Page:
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Occupancy decline may sink Oak Harbor marina’s rate hike

The sun sets over Oak Harbor Marina. The facility’s occupancy is dropping and officials hope abandoning a scheduled rate hike will help address the issue.  - Justin Burnett / Whidbey News-Times
The sun sets over Oak Harbor Marina. The facility’s occupancy is dropping and officials hope abandoning a scheduled rate hike will help address the issue.
— image credit: Justin Burnett / Whidbey News-Times

Despite having spent or committed millions of dollars to recent improvements at the Oak Harbor Marina, occupancy is on the decline and facility officials are now looking to abandon plans for a scheduled 2012 rate hike.

According to Steve Powers, director of Development Services, winter has always been one of the slowest times of the year as many tenants take their boats out of the water in an attempt to save money.

However, occupancy has begun to fall and is now down about 8 percent from the yearly average. Powers said the 421-slip facility is still self-sufficient and he has no concerns about solvency, but the reduction is being monitored closely.

“It’s something we are keeping a close eye on,” Powers said. “But we’re not panicking.”

Hoping to retain its remaining customers, and lure a few back that may have moved to other marinas or are out of the water in neighboring communities, Powers said the Marina Advisory Committee has recommended the city not move ahead with a previously approved 5 percent rate increase.

In late 2009, the city council adopted a schedule in which rates would go up that much every year for three years. The money would be used to pay for operations and maintenance, build capital reserves and help implement small parts of a $19.2 million marina redevelopment plan.

Two phases of the document, and two rate increases, have already been completed. They include the purchase and installation of a new main gangway, improvements to the electrical system, repaired floats and a massive dredging effort.

It was funded with $2.56 million in general obligation bonds that will be paid for over 20 years. The bond payments, which tab out to about $185,000 a year, will be covered with funds raised from a separate schedule of rate increases.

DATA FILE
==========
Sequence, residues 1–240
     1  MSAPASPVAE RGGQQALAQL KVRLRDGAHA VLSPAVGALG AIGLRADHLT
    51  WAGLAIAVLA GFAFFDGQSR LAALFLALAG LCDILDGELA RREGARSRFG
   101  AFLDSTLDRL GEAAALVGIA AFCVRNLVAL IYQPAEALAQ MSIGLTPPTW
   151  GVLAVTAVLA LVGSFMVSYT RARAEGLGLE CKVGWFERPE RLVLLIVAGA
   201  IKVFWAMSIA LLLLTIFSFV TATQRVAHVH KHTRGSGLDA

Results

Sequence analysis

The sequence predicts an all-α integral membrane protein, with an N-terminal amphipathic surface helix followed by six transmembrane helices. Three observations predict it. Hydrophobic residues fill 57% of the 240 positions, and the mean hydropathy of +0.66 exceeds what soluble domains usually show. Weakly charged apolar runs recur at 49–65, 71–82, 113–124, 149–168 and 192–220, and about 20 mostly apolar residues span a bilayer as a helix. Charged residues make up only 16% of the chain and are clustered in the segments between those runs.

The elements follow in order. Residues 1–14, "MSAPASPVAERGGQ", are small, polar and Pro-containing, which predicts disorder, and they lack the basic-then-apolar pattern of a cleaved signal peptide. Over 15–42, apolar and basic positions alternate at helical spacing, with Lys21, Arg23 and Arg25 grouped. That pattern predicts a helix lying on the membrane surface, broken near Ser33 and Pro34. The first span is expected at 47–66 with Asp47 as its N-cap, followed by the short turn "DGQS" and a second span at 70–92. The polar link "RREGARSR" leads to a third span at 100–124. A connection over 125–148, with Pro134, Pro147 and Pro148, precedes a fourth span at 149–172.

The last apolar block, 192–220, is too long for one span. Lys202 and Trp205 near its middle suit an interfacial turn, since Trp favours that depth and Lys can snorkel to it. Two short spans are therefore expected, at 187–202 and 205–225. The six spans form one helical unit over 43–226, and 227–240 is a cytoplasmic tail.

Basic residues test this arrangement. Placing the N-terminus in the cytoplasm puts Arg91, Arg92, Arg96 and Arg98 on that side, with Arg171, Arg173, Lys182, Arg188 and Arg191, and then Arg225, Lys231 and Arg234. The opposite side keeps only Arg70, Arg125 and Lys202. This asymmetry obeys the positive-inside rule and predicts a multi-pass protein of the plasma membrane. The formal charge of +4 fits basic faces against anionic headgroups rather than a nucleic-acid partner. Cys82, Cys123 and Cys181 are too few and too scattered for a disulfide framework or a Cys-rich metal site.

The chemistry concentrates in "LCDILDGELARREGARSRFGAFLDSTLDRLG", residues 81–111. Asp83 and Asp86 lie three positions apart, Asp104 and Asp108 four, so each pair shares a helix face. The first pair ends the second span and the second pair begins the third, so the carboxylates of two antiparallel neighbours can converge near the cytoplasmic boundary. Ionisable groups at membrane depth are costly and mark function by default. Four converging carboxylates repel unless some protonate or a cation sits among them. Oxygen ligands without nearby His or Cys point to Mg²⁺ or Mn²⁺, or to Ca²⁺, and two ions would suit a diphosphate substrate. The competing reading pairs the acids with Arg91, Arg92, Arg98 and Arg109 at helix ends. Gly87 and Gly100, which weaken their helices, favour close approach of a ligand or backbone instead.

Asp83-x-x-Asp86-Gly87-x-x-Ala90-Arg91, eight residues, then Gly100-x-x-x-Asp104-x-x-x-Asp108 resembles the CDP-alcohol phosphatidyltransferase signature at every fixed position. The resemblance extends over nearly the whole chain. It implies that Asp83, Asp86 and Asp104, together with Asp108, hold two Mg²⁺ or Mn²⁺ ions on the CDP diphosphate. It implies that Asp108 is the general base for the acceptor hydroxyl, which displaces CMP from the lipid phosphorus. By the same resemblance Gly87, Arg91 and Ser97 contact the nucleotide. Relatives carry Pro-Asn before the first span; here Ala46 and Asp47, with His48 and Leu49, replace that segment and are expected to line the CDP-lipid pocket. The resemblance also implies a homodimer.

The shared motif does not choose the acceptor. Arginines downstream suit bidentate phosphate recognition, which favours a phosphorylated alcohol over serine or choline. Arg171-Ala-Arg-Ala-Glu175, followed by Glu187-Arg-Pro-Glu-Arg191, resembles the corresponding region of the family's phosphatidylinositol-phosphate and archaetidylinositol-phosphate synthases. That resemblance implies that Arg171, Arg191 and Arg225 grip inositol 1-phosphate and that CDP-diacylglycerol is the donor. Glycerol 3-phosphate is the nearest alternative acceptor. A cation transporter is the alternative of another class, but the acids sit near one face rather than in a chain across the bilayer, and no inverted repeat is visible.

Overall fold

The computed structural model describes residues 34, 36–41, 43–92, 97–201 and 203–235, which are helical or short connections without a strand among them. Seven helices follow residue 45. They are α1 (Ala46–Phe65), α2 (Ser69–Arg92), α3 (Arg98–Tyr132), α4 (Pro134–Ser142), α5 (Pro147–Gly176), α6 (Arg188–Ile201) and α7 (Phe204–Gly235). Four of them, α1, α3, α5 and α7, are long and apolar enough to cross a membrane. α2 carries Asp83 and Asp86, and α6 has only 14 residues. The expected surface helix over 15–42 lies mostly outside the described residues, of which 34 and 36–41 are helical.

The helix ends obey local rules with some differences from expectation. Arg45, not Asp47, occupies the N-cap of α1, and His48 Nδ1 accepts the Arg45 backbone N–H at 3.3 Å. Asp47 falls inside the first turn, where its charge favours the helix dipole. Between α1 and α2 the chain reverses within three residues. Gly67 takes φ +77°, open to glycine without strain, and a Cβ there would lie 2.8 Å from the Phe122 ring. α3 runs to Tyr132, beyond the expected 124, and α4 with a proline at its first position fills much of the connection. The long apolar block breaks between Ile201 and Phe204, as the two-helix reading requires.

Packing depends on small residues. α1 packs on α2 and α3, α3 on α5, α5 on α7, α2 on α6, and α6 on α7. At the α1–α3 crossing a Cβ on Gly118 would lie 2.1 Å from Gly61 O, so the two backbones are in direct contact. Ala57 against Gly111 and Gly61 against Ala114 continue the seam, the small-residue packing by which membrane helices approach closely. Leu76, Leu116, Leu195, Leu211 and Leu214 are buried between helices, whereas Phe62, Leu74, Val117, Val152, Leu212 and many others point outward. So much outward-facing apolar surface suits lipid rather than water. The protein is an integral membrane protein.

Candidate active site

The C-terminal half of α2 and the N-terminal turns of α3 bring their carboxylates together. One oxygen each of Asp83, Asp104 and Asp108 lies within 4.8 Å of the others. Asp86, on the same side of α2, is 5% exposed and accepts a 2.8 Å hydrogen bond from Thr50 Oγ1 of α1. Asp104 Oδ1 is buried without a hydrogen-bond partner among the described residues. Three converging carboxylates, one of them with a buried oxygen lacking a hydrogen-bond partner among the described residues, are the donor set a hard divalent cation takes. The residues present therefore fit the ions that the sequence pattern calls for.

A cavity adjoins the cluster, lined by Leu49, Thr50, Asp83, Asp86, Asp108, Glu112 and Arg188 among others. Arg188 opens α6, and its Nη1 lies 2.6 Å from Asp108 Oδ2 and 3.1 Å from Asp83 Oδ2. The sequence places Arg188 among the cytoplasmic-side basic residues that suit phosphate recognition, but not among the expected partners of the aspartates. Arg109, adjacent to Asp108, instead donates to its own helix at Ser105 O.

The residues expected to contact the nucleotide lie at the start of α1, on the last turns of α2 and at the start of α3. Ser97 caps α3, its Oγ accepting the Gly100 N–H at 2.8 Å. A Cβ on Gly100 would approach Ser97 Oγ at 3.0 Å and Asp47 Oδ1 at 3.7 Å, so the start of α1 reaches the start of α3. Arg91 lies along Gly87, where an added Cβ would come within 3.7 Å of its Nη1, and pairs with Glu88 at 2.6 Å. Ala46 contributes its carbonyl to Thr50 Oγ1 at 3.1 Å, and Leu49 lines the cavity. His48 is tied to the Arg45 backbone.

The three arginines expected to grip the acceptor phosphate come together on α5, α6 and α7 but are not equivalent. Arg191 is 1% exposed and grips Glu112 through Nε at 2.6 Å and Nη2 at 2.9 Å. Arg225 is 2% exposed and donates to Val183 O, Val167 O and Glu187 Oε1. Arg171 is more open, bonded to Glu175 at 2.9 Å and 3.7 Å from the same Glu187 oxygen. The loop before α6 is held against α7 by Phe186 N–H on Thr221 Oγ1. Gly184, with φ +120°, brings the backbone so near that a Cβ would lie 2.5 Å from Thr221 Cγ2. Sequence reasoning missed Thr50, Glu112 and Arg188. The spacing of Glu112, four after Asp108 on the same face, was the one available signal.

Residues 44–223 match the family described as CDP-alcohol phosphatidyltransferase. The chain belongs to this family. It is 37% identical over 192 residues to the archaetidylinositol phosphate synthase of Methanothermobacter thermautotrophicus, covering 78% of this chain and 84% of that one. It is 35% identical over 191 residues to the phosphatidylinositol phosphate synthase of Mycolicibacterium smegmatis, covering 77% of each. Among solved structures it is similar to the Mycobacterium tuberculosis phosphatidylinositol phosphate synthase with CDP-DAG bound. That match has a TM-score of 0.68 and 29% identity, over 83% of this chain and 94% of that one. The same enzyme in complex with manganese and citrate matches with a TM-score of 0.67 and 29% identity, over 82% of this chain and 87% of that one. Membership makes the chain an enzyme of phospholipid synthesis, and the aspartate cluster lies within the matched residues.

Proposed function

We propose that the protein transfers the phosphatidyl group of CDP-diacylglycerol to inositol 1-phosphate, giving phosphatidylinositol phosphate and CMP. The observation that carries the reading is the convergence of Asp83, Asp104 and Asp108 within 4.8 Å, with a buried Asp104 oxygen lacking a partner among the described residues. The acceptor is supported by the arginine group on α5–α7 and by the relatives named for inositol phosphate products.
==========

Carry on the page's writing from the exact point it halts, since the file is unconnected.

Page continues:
Finally, new security gates were installed at the head of each pier just this month. Although access to those areas will be limited to boat owners, the public will still be able to walk on the main pier all the way to the end of the dock where transient moorage is located. Work on the gates is still ongoing but marina staff expect to flip the switch by mid January.

All in all, many tenants say the marina has never looked better, that staff is both competent and friendly and that rates are comparable with other facilities. Yet, occupancy is on the decline.

In February of 2010, the marina was about 70 percent full. That dropped to about 66 percent during the same time this year and is currently hovering around 62 percent.

While there is a tipping point, where the cost of improvements drives customers away, Powers said he doesn’t believe that’s what’s happening.

“If I’m going to chalk it up to anything, it’s the economy,” Powers said.

Interim Harbormaster Chris Sublet said he supports the measure and believes it will help improve the marina’s overall occupancy. While small trailerable boats have disappeared as usual, the loss of larger boats has caught his attention.

Foregoing the scheduled rate increase, which for a 30-foot boat would be about $10 more a month, will not only help retain existing tenants like the marina’s approximately 15 live aboards but also help attract new customers.

“It affects everybody,” Sublet said. “$10 a month, that’s $120 a year.”

“Price is an important factor in this day and age,” he said.

The increase was adopted by the city council, so not implementing it will also require their approval. The issue is expected to be heard at the Dec. 20 meeting at City Hall.

 

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